The far right being the premier purveyors of terrorism in this country is nothing new. Our original domestic terrorists were the Ku Klux Klan, which held considerable political power all over the country during the height of Jim Crow; although the Klan has fractured into several groups since the Civil Rights era, it was estimated by police and a Klan leader that hundreds of members participated in the Unite the Right rally. A week after Charlottesville, another Klan leader, Chris Barker, called a Univision reporter a racial slur and said that the far right would “burn out” immigrants. “We killed 6 million Jews the last time,” Barker said. “Eleven million is nothing.”

The right is full of groups who have explicitly threatened and historically attempted to eradicate people who are not white. By contrast, the “alt-left” was credited by Cornel West with saving him and anti-racist clergy from being attacked in Charlottesville. “We would have been crushed like cockroaches if it were not for the anarchists and anti-fascists,” West said. (He’s likely right: in the weeks since Charlottesville, the police response to the rally has come under scrutiny, including a moment when a Unite the Right protester fired a gun and police failed to apprehend him.)

In his attempt to be seen as the Reasonable Centrist who is above petty politics, Troy flat out ignores reality. The body count of white supremacists far outnumbers anything that the Black Panthers or the Weather Underground (two groups Troy cites as moral equivalents to the far right) ever did. To pretend otherwise is like equating the danger of playing Russian roulette with taking a walk.

There has been criticism of antifa from the left as well, including from respected figures like Noam Chomsky, who called antifa a “major gift to the right” in an interview. In a column for Truthdig, left-wing journalist Chris Hedges wrote that antifa and the alt-right were “mirrors” of each other, both full of people “cast aside by the cruelty of corporate capitalism.” That critique isn’t totally off, in that both nationalist and socialist movements gain a larger foothold when the liberal order has failed, but Hedges went one step further. “[Antifa] fuels the right wing’s paranoid rants about the white race being persecuted and under attack,” he said. “And it strips anti-capitalists of their moral capital.”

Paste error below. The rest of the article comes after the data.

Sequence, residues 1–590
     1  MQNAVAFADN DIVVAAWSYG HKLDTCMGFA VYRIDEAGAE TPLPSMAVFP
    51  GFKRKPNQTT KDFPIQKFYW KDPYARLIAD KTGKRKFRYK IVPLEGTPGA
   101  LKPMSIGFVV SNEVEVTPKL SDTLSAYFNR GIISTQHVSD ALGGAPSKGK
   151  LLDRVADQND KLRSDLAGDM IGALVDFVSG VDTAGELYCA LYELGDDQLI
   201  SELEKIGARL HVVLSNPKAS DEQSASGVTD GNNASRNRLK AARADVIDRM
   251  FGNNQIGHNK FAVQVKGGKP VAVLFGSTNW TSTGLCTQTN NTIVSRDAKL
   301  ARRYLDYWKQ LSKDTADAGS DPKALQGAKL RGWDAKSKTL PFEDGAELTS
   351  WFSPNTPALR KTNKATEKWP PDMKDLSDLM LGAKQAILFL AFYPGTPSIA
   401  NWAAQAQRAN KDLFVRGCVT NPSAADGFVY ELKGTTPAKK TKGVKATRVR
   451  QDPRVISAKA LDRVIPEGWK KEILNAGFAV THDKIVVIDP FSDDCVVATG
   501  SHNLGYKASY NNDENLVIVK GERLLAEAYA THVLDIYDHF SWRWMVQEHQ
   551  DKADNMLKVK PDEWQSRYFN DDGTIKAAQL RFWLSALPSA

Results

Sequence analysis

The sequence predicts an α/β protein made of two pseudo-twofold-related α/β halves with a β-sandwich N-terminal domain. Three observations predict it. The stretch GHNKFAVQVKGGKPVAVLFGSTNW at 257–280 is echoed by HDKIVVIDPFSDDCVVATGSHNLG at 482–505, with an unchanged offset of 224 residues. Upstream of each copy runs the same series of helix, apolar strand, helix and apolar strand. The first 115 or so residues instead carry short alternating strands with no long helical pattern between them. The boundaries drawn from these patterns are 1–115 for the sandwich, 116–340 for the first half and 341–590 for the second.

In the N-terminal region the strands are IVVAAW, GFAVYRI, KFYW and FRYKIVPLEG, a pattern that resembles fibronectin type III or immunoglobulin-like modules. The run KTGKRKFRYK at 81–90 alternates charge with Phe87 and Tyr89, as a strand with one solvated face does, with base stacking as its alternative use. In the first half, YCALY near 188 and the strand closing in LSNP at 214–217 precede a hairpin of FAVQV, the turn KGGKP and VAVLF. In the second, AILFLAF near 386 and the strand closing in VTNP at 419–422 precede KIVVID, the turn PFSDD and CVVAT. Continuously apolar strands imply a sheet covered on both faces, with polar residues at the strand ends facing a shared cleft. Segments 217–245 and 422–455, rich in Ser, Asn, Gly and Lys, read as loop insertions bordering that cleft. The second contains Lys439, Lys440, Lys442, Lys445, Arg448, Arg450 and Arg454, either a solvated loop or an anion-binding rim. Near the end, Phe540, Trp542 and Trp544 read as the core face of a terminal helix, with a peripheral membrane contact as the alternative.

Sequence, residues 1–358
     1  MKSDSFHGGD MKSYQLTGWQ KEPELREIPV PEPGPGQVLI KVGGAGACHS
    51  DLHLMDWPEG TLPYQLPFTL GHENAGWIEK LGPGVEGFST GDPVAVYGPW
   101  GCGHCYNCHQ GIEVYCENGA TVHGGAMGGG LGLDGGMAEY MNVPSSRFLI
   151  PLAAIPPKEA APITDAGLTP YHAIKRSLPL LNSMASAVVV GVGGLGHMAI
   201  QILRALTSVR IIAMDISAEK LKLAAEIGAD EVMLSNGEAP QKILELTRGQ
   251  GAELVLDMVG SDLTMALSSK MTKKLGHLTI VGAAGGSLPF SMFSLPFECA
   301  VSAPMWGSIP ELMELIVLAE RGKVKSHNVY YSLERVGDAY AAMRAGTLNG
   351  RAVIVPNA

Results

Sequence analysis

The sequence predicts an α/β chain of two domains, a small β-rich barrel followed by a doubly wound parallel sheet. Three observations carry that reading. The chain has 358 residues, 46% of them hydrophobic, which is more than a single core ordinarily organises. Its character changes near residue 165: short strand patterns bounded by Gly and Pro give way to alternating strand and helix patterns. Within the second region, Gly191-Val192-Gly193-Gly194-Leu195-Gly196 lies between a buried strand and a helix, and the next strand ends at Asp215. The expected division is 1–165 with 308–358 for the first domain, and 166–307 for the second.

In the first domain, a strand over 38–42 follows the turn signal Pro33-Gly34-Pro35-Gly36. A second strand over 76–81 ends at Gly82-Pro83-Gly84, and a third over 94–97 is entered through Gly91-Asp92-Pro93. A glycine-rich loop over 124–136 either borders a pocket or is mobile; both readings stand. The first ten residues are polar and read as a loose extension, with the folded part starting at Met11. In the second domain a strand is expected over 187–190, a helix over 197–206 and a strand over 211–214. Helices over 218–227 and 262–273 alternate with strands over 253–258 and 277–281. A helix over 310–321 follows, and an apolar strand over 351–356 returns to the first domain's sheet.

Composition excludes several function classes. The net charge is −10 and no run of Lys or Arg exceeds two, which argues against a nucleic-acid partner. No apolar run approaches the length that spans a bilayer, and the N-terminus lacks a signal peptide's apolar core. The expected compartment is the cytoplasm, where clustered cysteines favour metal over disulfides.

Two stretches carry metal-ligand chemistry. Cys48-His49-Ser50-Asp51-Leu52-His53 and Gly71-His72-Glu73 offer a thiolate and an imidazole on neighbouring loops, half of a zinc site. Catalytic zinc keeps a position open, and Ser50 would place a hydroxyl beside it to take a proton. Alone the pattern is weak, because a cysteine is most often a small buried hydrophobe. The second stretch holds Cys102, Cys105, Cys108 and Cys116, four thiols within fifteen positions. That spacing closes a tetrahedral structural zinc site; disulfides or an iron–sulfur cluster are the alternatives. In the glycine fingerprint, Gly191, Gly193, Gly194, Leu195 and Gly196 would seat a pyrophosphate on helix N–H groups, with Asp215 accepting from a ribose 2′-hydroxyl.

To pretend that the alt-right and antifa are comparable is like equating the danger of playing Russian roulette with taking a walk.

As Dartmouth professor and antifa expert Mark Bray — who was denounced by his university president for supporting the right of people to defend themselves against Nazis — noted in a Meet the Press debate with the Southern Poverty Law Center’s Richard Cohen, this is not merely a political debate between opponents in which “moral capital” has currency. Anti-fascists and fascists both view this fight as a political struggle, one that has been fought time and again all over the world in the streets and on battlefields. And with an emboldened far-right making its presence known all over the country, antifascists see the situation as dire, and the need to show up as vital.

The argument that antifa might actively harm any long-term goals the left might have may very well be true. And it should be a goal to prevent violence at these protests, if for no other reason than self-preservation, considering the right-wing is usually armed to the teeth. If every protest ended the same way as one did in Durham on August 18, when 1,000 people spontaneously showed up to counter-protest a rumored Klan rally and peacefully ended any chance of it ever starting, or as one did the next day in Boston, when tens of thousands of people dwarfed an alt-right protest, it would be vastly preferable to anyone getting hurt or arrested.

Political struggle is almost never ideal, though. It’s ugly, fluid, and uncomfortable by nature. But when you recognize the history of fascism and white supremacy in America and what kind of violence that has entailed, it becomes clear that there is no moral equivalent to Nazis and white supremacists.

Paul Blest is a contributing writer for The Outline.